Synchronous Gathering without Multiplicity Detection: a Certified Algorithm

Abstract

In mobile robotic swarms, the gathering problem consists in coordinating all the robots so that in finite time they occupy the same location, not known beforehand. Multiplicity detection refers to the ability to detect that more than one robot can occupy a given position. When the robotic swarm operates synchronously, a well-known result by Cohen and Peleg permits to achieve gathering, provided robots are capable of multiplicity detection. We present a new algorithm for synchronous gathering, that does not assume that robots are capable of multiplicity detection, nor make any other extra assumption. Unlike previous approaches, the correctness of our proof is certified in the model where the protocol is defined, using the Coq proof assistant.

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Notes

  1. 1.

    The 2016 SIROCCO Prize for Innovation in Distributed Computing was awarded to Masafumi Yamashita for this line of work.

  2. 2.

    http://pactole.lri.fr/pub/cffg2d_v86/html/Pactole.Gathering.InR.Impossibility.html.

  3. 3.

    http://coq.inria.fr.

  4. 4.

    http://pactole.lri.fr.

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Acknowledgements

The authors are grateful to the reviewers who provided constructive comments and helped to improve the presentation of this work.

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Correspondence to Sébastien Tixeuil.

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This article is part of the Topical Collection on Special Issue on Stabilization, Safety, and Security of Distributed Systems (SSS 2016)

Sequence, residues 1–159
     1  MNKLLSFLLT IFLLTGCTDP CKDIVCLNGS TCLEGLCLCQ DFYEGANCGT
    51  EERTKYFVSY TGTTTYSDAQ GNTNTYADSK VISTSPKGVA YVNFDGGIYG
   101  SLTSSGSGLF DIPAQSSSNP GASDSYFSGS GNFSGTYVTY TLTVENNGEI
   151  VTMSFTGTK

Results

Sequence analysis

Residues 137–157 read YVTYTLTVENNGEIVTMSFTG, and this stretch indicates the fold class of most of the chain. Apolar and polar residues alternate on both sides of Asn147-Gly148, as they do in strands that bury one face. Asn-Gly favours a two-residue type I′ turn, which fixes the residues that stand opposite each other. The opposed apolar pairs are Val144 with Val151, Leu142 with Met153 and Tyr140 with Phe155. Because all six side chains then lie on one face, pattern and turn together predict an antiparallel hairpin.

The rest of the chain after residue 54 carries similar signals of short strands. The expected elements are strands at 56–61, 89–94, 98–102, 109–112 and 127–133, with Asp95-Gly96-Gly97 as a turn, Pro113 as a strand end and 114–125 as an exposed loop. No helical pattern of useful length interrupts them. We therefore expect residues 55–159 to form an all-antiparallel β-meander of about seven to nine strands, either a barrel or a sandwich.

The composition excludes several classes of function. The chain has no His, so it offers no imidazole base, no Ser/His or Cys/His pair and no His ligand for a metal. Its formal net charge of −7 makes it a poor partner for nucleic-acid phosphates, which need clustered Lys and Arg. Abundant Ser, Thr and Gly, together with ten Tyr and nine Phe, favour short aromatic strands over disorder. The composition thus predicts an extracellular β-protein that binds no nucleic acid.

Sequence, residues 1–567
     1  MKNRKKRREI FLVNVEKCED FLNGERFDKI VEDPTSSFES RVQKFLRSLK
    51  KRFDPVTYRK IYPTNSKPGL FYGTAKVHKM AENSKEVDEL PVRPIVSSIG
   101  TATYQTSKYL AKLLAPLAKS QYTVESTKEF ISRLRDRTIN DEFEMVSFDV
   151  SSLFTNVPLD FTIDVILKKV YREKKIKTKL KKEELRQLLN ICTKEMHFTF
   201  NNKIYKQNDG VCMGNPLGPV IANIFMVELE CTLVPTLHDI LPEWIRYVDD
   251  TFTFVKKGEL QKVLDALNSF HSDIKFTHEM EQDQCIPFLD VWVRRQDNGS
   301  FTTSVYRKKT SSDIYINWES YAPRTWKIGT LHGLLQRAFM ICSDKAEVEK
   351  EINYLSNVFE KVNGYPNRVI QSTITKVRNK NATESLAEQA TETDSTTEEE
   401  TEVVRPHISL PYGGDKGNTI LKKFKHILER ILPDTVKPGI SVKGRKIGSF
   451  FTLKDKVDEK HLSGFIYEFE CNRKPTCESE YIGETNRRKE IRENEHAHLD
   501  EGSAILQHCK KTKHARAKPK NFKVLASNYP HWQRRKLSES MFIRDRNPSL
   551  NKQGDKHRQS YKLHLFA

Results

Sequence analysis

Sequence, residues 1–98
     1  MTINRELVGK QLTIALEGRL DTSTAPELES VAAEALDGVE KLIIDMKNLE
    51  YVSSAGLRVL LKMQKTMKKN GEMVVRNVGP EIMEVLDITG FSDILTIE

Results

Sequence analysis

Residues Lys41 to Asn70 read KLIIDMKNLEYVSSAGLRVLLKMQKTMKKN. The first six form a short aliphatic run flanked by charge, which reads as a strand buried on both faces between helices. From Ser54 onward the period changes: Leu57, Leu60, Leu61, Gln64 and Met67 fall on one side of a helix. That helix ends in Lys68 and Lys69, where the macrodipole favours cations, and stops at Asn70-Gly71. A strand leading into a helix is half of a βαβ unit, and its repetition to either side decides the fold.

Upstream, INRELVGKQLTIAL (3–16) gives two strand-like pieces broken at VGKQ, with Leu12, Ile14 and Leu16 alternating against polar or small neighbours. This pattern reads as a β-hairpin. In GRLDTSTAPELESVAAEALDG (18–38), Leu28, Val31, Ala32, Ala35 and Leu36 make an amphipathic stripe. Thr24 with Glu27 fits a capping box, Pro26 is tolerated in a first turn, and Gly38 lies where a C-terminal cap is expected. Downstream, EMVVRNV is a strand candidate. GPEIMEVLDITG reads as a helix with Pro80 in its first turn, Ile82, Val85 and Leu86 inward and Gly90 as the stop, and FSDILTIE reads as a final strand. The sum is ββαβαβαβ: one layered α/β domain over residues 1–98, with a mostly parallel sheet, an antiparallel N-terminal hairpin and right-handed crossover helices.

Appendix: Axioms of the formalisation

Appendix: Axioms of the formalisation

In the main file Gathering/InR2/FSyncFlexNoMultAlgorithm.v, the last command: Print Assumptions Gathering_in_R2 shows all the axioms upon which the proof of correctness of our algorithm for gathering in \({\mathbb {R}}^{2}\) relies, in total 31 axioms. Here, we break them down. They can be classified in three categories:

  • The first category is the axiomatisation of reals numbers from the Coq standard library. It represents by far the biggest number of axioms (26), and they are not listed here.

  • The second category is the description of the problem.

    figureaj

    As one can see, it simply means that our proof is valid for any number nG of robots greater than or equal to 2. Notice that with one robot or less, the problem is not interesting (trivially solved).

  • The third category contains three usual geometric properties that are not part of our library. These three axioms are the only ones which could be seen as real axioms to be proved, the previous two categories being the parameters of the problem. On the one hand, there are some properties about barycentres that we think could be provable from its axiomatisation but are currently left as axioms: that the barycentre is unique and that the result of the function computing the barycentre is indeed a barycentre:

    figureak

    On the other hand, there is the proof that similarities can be expressed with an orthogonal matrix M, a zoom factor λ and a translation t: for any similarity s, we can find \(M \in \mathcal {O}_{2}(\mathbb {R})\), \(\lambda \in \mathbb {R}^{+}\) and \(t \in \mathbb {R}^{2}\) such that s = λM + t. For convenience, the orthogonal matrix and the zoom factor are combined into two column vectors u and v: we have λM = (u v) with uv and ∥u∥ = ∥v∥ = λ.

    figureal

    These types of axioms can be discharged through the connection with Coq libraries dedicated to geometry.

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Balabonski, T., Delga, A., Rieg, L. et al. Synchronous Gathering without Multiplicity Detection: a Certified Algorithm. Theory Comput Syst 63, 200–218 (2019). https://doi.org/10.1007/s00224-017-9828-z

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Keywords

  • Mobile robots
  • Gathering
  • Multiplicity detection
  • Certification
  • Proof assistant